Our first daughter was a tremendous gift to both of us. Her arrival, was preceded a year earlier by an emotional and heart-breaking miscarriage, of which we were still struggling to understand. The news of her appearance into our life was of great anticipation. But soon after our elation of this news, we found through a common procedure, that she had tested positive for Down Syndrome. We were shocked. Nothing in this world ever prepares you for this. In hindsight, it is probably this sense of the unknown that truly brings you to your knees. But, at the time, I had felt like every opportunity to succeed in my career had just hit a brick wall.

    My immediate concerns and emotions revolved around myself. “How was I going to live a normal life? How could I continue to strive in my daily goals now that we had to deal with a child that would likely require more time that I currently have to give? Why us?”

    I remember my most personal feelings, the day I learned of our “misfortune”, I began immediately reaching for an excuse that might allow me to find a way out. “This wouldn’t be fair to this child”, I surmised, “Life is already too hard – even without extra challenges. Maybe we should terminate—it would only be fair to this child.” These are feelings that I never shared with my wife. Though they were brief, to this day, I still thank God that a deeper sense of being, perhaps something beyond my own conscious, moved me beyond what I was and allowed me to accept this new reality as a choice that could have greater purpose in my life.

    Though I didn’t realize it at the time, later I would understand that “I” had much less meaning that “we” and that a much greater purpose in life was yet to be revealed—and it had nothing to do with my career.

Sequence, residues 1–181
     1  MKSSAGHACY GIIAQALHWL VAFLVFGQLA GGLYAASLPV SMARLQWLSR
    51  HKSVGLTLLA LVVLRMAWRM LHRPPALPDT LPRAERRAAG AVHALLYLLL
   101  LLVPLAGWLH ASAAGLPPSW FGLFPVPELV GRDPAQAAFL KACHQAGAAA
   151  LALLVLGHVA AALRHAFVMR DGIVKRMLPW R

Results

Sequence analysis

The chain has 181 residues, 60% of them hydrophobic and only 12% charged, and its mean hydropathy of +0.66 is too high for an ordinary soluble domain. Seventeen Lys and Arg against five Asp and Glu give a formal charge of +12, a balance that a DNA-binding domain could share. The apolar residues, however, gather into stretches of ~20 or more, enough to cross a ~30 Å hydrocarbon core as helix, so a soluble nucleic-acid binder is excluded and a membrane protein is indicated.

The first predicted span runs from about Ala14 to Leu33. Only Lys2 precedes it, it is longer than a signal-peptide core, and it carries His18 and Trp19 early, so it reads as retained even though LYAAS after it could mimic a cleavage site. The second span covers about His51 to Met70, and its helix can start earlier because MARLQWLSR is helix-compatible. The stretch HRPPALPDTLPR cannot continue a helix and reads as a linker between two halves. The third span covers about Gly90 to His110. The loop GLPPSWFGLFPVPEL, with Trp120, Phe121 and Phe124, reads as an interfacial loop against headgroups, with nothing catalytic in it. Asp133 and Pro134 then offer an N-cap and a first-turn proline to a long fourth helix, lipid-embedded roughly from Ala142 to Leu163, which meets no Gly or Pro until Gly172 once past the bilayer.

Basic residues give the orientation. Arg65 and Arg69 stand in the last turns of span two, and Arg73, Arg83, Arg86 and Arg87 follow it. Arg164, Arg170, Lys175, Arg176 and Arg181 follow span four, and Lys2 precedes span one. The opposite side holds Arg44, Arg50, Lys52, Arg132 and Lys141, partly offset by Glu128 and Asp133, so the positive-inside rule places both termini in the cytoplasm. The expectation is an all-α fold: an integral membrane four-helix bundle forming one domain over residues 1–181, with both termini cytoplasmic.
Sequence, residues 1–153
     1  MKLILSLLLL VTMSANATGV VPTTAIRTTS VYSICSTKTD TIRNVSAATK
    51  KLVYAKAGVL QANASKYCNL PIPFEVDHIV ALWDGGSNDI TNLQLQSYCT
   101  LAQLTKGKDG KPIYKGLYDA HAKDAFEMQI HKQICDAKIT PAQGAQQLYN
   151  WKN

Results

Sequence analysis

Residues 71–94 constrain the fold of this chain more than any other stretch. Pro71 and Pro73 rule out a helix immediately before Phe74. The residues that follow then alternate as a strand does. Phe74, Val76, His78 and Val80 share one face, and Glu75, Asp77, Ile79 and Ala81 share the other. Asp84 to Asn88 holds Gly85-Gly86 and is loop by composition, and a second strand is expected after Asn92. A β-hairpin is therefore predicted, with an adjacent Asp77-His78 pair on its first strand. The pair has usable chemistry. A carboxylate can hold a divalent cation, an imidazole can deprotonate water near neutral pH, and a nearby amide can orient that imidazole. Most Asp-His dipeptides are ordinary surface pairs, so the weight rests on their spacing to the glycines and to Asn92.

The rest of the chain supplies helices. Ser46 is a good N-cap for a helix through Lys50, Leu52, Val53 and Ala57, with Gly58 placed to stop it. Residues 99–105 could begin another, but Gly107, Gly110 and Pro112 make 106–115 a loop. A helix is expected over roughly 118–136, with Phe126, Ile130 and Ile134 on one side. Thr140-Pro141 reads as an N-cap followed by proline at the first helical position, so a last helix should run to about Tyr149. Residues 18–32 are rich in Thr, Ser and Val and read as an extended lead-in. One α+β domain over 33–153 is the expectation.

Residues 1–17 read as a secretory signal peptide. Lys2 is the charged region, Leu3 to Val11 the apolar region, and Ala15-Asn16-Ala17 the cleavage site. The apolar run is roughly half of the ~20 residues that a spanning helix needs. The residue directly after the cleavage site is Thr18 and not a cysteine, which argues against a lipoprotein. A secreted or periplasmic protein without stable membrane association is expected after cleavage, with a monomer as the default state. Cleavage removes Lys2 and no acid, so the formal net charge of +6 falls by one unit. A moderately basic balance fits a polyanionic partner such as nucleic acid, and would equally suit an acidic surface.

Within a few days, we accepted our destiny with open arms. There was elation. There was fear of the unknown. There was trepidation. But also, there was a very pure sense of excitement, which is hard to explain unless you’ve worn the shoes.

    We began to devour everything we could to learn about this life changing possibility and realized that as much as we learned about our future and that of our child’s, nothing is ever enough to prepare you for the reality of what is yet to come. Nothing can ever touch upon, nor measure the purest emotions and simple joys, that are both challenges and gifts—at the same time. The fact that bringing a child into the world that deeply relies, depends upon, and trusts you with all of their being is great enough a joy for any parent, but if I dare say so, the acuteness of this emotional connection is escalated to another level in parents caring for a child with a disability. This is not to say that the love is any stronger for one child, over another, just that your parental dependency seems to be tapped at a higher level. For me, though different of each parent, it was a moment of clarity. I came to realize, that in this new reality, my worth was more defined and different, possibly more valuable, than I had predisposed for myself.